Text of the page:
Another Salute to our Veterans
William R. Halevy, CW5, USA Retired
VHBM Chairperson and Founding Member
When service members take the oath to serve our country, they are signing to give their lives to the military and follow the direction of the political leadership without question. Since Operation Desert Storm, much attention has been given to the federal administration established in 1930 to assist and care for our veterans and now known as the U. S. Department of Veterans Affairs, or more simply put, the VA. The recent publicity on long wait lines and veterans literally dying while waiting for care has brought to the forefront the need of improvements in the massive system. The first step should be the contacting of those many veterans who don’t know they have benefits or have given up trying to navigate the requirement process for what should have been a simple request for assistance.
The VA has three administrative departments: the Veterans Benefit Administration (VBA), the Veterans Health Administration (VHA), and the National Cemetery Administration (NCA). When veterans look for health care or want to file for a disability, they need to understand that within the VBA there are two different programs which encompass compensation and pensions. The VHA just covers administrating related health care to the veterans. With that, the VBA and the VHA do not communicate unless the veteran supplies the permissions with the proper forms. Most veterans or care givers don’t realize these departments are separate and this leads to much confusion in the filing process.
The term veteran applies to all who have served in the military and earned the care and support of the administration, though the provided care is not equal. The levels of care have eight categories depending on when, where the vet served, and the sickness or injuries received. These benefits are the promise of service whether in the combat theater or serving during the combat era.
After 40 years of Army aviation service and not wanting to take off the uniform, being asked to lend assistance to our local veteran organizations became a ‘continuation of service’ for this proud veteran. When asked to write an article describing my efforts to assist our local area veterans, my first thought was, “An article—I could write a book on the subject after just two years.” Becoming a Veteran Service Officer accredited by the Department of Veterans Affairs has become a challenge much greater than flying helicopters in combat. Getting shot at and returning fire was an easy task. Diving into a “pool of political quick sand” has become a more daunting task. The more I have learned the more I realize I don’t know. Just take a look at the U. S. Code, Title 38 and you will see what must be digested and acted upon by the veterans advocate for the needy veteran and family.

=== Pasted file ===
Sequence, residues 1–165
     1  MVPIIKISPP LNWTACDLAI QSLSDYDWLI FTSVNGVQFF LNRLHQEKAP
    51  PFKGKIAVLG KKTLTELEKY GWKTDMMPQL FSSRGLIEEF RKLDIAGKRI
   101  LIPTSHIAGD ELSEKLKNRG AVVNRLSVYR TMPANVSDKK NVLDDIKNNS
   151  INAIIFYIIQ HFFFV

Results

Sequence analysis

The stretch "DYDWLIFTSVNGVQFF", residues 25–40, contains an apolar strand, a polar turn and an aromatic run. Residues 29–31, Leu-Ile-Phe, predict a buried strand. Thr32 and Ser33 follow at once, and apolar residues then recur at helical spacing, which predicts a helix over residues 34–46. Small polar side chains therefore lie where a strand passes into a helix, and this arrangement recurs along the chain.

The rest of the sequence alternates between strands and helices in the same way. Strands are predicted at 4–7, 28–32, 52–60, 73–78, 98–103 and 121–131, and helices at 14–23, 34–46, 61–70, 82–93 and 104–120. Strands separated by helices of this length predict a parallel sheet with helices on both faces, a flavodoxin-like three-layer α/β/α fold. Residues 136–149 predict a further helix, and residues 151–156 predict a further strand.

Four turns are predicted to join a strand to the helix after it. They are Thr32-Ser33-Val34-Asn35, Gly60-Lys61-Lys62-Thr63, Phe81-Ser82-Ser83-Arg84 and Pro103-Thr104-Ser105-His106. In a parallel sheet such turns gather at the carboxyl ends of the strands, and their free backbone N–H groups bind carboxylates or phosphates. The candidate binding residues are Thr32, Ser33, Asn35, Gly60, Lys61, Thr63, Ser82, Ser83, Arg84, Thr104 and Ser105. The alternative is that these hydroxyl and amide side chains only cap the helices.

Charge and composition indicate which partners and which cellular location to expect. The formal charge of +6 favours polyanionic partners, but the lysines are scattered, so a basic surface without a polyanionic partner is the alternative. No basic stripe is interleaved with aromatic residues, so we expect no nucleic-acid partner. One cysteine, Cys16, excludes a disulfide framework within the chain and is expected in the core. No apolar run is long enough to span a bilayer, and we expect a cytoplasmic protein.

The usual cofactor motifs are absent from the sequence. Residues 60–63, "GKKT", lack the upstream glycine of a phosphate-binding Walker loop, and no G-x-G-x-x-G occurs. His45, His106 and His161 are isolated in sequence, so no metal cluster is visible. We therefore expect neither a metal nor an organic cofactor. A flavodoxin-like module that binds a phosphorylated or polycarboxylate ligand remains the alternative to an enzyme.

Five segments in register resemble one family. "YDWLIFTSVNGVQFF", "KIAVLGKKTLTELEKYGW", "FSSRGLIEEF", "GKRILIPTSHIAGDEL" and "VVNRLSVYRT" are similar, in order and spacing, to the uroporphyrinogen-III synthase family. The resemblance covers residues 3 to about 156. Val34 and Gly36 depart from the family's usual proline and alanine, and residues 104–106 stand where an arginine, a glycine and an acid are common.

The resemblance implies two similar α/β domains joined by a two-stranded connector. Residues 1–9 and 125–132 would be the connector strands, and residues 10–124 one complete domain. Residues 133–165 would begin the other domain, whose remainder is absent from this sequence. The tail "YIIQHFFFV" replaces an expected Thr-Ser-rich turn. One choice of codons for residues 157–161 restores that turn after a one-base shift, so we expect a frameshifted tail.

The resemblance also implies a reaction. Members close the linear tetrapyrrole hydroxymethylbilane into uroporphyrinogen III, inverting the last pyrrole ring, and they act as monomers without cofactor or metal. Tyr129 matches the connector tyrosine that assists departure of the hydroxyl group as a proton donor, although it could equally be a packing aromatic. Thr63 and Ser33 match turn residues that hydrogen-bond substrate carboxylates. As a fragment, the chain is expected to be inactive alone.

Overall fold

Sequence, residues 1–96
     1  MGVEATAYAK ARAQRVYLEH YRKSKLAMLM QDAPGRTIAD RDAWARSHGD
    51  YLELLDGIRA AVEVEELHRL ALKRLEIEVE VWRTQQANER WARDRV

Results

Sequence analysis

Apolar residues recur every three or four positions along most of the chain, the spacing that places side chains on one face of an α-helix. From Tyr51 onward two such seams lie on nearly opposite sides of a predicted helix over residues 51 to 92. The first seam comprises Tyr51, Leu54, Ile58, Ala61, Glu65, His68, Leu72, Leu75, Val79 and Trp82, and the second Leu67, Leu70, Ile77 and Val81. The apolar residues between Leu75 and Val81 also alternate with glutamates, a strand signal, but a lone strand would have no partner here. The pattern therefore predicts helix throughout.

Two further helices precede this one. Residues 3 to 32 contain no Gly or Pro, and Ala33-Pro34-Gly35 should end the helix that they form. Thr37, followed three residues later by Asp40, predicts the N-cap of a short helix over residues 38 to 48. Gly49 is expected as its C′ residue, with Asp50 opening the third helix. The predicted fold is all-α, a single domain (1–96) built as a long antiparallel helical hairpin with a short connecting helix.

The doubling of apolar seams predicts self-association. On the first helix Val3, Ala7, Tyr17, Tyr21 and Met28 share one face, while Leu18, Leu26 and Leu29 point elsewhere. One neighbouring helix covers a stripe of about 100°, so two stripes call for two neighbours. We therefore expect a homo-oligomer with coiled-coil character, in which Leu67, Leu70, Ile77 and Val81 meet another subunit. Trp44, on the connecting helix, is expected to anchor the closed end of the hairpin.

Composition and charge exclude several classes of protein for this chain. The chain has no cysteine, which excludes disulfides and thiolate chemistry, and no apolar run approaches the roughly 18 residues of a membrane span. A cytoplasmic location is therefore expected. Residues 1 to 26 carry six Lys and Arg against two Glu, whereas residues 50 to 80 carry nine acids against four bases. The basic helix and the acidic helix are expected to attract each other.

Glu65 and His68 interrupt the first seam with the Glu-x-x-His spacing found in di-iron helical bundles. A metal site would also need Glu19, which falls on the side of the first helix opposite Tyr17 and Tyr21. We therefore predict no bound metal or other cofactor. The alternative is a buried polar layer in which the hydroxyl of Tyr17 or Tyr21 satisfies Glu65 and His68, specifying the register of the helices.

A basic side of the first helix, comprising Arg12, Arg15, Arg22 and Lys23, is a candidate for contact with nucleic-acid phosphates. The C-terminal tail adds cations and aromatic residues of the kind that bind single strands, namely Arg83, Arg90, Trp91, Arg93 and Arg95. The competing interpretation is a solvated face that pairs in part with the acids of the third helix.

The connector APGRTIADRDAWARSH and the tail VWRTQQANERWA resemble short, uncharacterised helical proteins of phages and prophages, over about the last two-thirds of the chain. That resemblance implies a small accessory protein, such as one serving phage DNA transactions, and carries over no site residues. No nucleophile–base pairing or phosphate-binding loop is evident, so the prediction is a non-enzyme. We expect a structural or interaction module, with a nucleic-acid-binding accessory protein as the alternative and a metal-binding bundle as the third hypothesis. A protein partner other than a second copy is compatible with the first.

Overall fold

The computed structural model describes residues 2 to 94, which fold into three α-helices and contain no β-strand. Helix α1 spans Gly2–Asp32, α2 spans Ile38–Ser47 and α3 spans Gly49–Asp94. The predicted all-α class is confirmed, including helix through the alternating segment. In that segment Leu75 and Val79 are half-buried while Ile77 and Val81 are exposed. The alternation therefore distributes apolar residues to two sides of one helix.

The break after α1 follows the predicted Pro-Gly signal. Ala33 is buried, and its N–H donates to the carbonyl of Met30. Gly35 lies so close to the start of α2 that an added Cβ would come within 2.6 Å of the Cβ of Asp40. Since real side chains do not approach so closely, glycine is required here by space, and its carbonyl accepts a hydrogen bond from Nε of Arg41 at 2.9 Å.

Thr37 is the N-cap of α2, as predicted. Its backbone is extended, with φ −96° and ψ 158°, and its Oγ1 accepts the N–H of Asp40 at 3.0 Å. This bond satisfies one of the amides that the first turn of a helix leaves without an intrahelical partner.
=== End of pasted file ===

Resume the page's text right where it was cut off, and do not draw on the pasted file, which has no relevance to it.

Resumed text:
When called and traveling to the homes of these veterans and finding the families caring for their veteran fathers not knowing of the benefits available such as Aid and Attendance (A & A) was a shocking experience. A & A is financial assistance provided for hiring trained health care personnel for those families whose veteran falls into a qualifying category as mentioned above.
Several times I was called to assist a family having difficulty dealing with the VHA or not knowing of available benefits and then having the veteran die before a claim is submitted or returned after filing—extremely disheartening. I have found that many older veterans are not internet connected or too proud to file for health benefits and the family suffers the financial burden of the needed veteran’s care.
Then there are the veteran’s I have found being treated at VHA facilities suffering from service connected injuries or illnesses and never advised to file a claim for their disabilities. When a veteran dies from a service connected disability the spouse may be eligible for Dependency and Indemnity Compensation (DIC) if a claim has been first filed for that veteran’s disability. The death certificate must relate that the cause of death was the same as the service connected disability of the veteran.
I also have found veterans living alone with only SSI as income and not aware of the financial assistance available from the VHA called a Pension. Last year the Veterans Administration notified the Social Security Administration (SSA) that 22,000 veterans across the country, who were receiving SSI, might be eligible for a pension. The SSA sent threatening letters to the veterans advising them to file with the VA or lose their SSI. My rhetorical question is why did the VHA not notify the veteran and lend assistance to these disabled vets? I was able to assist three of these veterans in our area and appalled at the content of the SSA letters.
The reward for me is seeing the amazement and hardy thanks from the old veteran who didn’t know of his eligibility for health care and getting a free 200 mile round trip ride to receive testing and obtaining hearing aids along with his new VHA annual physical. I tell them to not thank me but ‘Thank the Lord’ for keeping me alive through my combat service tours.
It is the opinion of this writer that there should be no discrimination for the care given any veteran or combat era veteran. For every man or woman in combat there are at least ten supporting personnel making up a team to meet the combat or support mission whether land, sea, or air. It is the team that wins in combat and not just a few heroes that we see get the recognition. The cost of war and contingencies must be realized and added to the defense budget and not to an organization to do DNA research and train medical personnel for other private facilities; or, Congress must pass HR 3122, “The Veterans Administration Legislative and Objective Review Act of 2015.”